We would like to register Team 9.99 for John Carmack's 100k foot Microprize. We are aiming at flying on the 15th of December. While I know thatÕs more than the required month away, it seems quite likely that the prize will be won this weekend at BALLS and we'd just like to let folks know what we have been up to. We are a New Zealand based team, primarily from Christchurch.

Rocket Details:
Basically a standard HPR k motor powered rocket flying off a rockoon. Launch altitude 24km. We have managed to keep the balloon payload including rocket to just below 6kg, allowing us to fly as a medium free balloon.

We are flying custom electronics as that was one of the fun bits (even if it was pretty time consuming). Telemetry is very low bit rate on 70cm using dominoEX as our encoding scheme.

We have just managed to convince CAA to allow us to fly, contingent on a few factors that we don't anticipate having trouble meeting. We are only allowed to launch the balloon on Sunday mornings in the dark so as to avoid air traffic during the balloon assent. Hence we anticipate many weeks of cancels as we are extremely weather dependent, to ensure we stay in our allocated airspace and the rocket remains recoverable. (New Zealand is pretty skinny)

As we are so weather depended we rely on simulations for balloon path and rocket prediction. A member of our team, Richard Graham has been doing quite a bit of work in balloon path prediction. He has also been submitting patches to openrocket such as getting it to work with world coordinates and getting real elevation data worked in.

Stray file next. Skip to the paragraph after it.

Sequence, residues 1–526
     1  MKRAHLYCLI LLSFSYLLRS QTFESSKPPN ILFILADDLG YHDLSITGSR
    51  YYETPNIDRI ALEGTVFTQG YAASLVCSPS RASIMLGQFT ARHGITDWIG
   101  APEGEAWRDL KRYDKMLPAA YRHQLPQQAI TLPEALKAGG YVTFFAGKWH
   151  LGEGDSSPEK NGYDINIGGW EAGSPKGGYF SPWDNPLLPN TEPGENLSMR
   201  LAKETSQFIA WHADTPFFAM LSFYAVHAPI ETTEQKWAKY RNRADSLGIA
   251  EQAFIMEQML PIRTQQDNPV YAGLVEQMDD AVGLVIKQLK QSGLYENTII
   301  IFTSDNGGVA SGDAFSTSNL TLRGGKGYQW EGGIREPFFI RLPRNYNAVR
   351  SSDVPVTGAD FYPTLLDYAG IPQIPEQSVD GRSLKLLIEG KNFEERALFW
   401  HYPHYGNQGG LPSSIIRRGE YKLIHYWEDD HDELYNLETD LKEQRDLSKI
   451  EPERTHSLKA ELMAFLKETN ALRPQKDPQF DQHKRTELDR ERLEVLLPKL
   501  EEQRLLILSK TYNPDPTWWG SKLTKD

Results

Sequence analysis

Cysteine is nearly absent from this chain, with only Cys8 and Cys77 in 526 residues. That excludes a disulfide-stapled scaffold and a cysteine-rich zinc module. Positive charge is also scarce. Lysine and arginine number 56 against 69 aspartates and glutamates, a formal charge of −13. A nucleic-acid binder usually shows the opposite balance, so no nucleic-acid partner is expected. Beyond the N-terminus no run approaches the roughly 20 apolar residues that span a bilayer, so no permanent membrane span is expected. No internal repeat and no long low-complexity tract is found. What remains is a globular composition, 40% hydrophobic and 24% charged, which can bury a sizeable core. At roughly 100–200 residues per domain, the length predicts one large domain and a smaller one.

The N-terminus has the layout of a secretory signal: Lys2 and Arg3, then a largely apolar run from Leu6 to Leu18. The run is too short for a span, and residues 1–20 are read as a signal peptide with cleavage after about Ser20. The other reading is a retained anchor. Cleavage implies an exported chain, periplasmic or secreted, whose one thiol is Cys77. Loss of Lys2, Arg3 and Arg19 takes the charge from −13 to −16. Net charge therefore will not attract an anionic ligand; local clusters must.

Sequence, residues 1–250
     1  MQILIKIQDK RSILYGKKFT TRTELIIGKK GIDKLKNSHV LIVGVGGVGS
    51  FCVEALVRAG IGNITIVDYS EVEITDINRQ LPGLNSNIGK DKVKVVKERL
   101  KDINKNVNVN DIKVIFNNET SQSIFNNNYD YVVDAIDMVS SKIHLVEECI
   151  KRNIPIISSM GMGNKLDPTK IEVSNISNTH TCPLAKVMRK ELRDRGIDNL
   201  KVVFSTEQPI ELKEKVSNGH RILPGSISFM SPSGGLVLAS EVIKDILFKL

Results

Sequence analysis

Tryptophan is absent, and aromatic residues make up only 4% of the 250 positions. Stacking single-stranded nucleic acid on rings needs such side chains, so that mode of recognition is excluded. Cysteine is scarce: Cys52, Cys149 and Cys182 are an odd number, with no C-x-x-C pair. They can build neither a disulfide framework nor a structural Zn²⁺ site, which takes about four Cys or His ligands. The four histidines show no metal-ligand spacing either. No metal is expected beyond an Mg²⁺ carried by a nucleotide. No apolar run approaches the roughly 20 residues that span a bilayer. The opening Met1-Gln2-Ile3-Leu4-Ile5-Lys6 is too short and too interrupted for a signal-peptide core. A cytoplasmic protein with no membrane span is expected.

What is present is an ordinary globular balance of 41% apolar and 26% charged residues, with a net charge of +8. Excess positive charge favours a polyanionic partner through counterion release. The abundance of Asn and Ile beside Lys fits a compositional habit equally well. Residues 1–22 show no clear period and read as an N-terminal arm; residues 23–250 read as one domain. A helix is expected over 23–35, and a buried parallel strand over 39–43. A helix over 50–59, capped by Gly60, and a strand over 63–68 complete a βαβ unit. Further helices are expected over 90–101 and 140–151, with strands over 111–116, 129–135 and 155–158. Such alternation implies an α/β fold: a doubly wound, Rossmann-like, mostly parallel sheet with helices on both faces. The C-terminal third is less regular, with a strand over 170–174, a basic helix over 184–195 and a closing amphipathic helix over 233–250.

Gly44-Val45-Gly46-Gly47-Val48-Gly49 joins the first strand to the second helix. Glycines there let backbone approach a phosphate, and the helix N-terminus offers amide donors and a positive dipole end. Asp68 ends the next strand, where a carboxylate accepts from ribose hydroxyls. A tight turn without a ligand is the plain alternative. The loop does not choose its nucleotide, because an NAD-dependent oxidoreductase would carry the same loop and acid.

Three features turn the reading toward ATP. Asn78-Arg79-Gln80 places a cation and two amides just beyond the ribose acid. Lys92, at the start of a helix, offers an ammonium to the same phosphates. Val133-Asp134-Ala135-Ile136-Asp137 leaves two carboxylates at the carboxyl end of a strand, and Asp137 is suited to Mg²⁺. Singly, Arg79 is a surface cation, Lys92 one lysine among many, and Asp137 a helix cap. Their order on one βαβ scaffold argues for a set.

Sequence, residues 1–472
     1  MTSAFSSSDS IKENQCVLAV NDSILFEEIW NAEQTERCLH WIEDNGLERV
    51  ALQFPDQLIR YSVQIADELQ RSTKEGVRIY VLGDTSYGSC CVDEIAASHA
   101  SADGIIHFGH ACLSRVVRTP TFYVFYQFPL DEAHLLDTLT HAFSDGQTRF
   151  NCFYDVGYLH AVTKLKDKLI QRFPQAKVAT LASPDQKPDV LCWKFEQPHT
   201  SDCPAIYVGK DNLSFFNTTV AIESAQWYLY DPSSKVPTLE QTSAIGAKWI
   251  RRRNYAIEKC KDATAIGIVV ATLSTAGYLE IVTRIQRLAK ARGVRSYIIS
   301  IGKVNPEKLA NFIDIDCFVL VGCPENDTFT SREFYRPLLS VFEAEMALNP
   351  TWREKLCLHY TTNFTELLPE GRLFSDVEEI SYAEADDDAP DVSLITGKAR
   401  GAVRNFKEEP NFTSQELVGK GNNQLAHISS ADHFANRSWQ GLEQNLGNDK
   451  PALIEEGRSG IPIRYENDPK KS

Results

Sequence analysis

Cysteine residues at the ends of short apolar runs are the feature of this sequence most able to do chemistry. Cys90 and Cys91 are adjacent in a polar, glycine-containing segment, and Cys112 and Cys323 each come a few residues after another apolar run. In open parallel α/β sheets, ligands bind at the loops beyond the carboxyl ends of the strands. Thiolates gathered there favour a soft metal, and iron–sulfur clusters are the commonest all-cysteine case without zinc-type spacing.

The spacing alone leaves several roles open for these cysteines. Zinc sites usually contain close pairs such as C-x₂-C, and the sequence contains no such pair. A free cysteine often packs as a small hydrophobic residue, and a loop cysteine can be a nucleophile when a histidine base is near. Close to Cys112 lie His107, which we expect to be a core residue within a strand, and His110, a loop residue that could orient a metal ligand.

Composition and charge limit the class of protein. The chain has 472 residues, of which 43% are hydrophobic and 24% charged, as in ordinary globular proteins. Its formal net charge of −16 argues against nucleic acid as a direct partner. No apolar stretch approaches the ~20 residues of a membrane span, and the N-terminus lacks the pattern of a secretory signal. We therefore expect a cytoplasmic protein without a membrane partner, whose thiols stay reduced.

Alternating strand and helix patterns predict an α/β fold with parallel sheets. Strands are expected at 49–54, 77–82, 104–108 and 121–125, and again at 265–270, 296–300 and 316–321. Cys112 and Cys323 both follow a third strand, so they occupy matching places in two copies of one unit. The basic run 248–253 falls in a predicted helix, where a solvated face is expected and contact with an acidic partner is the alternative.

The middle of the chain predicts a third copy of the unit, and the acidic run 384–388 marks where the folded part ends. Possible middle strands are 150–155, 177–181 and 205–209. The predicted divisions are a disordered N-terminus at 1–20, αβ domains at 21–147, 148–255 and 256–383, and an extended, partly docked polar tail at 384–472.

Best of Luck to everyone flying at BALLS this year :)
Andre Geldenhuis
Team 9.99
and, on 29 September 2011, followed up with:
Thanks :) Our electronics are arm cortex m3 boards based off the leaflabs maple, mostly because they made it pretty easy to develop on the arm3 chips. To be honest is probably much more chip than we need for what we are doing with it. We used to use a phase shift keying telemetry system which was not the best code I have ever written and was pretty hard on the micros were were running it on. Which have switched to dominoEX for encoding our telemetry. We managed to port the domino code from the open source fldigi project (which as it turns out is pretty nicely written) to our micros. We create the waveform with DDS though we may switch to a proper dac in the next board revision seeing as the better arm chips have 2 on board anyway.

DominoEX is sort of a weird mode to be using at UHF as its pretty narrow band which is a bit unnecessary at uhf. However it's pretty good well into the noise and the code was readily available in fldigi. We don't actually need to send very much, mostly just position fixes and a couple of other parameters so we can get by with a very low baud rate ( 4 baud!). This effectively lets the receiver integrate the signal for a while which helps heaps when the signal become basically indistinguishable from noise. Using an efficient mode whcih is good down into the noise means we can use tiny transmitters at low power which saves on mass both in batteries and the transmitter itself. Using low power on 70cm aslo fits into unlicensed radio spectrum in New Zealand, which is good as technically you shouldn't use the ham bands when you could potentially win prize which is worth money, not that I think anyone would really mind much.

To receive we use a yagi connected to a software defined radio. We do this because the cheap AM transmitters we use have really bad frequency drift but the SDR means we can easily keep on top of it easily. We do the final decoding in fldigi running on laptops with the case teams. We also use cheap GSM modems for backup telemetry, New Zealand has pretty good cell phone coverage now. With the rocket under chute we should be able to get cell coverage from 1000 feet up pretty easily and with luck we might even get coverage on the ground.

We're running 2 fully redundant electronics packages; telemetry, GPS, GSM everything.


Please send any corrections to Ben Brockert,